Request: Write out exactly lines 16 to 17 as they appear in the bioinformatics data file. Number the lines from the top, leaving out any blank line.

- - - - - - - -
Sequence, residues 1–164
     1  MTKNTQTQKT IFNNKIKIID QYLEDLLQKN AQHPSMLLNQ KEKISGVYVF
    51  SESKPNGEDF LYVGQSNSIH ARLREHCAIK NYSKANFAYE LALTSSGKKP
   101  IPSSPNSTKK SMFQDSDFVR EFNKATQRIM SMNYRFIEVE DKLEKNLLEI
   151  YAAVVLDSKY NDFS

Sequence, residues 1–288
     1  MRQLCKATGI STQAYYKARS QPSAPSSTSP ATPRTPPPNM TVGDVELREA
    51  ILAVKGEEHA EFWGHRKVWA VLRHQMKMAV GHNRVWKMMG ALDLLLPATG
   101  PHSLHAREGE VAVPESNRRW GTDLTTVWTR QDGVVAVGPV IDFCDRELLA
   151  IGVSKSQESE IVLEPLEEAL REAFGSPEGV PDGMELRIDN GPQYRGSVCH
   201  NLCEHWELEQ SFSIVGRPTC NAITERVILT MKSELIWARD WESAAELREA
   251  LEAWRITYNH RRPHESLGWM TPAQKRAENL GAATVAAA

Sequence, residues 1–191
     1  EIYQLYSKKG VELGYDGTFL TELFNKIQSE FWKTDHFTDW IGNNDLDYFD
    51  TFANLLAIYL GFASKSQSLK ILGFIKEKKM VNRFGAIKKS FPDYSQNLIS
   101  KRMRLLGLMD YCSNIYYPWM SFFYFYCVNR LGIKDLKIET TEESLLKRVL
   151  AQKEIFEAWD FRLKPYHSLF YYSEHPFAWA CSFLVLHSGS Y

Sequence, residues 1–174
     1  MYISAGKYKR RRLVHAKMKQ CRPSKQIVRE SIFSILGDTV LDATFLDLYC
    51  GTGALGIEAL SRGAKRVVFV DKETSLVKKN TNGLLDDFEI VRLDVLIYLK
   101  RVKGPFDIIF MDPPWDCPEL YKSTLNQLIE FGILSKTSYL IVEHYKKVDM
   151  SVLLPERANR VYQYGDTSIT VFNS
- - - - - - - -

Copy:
   101  KRMRLLGLMD YCSNIYYPWM SFFYFYCVNR LGIKDLKIET TEESLLKRVL
   151  AQKEIFEAWD FRLKPYHSLF YYSEHPFAWA CSFLVLHSGS Y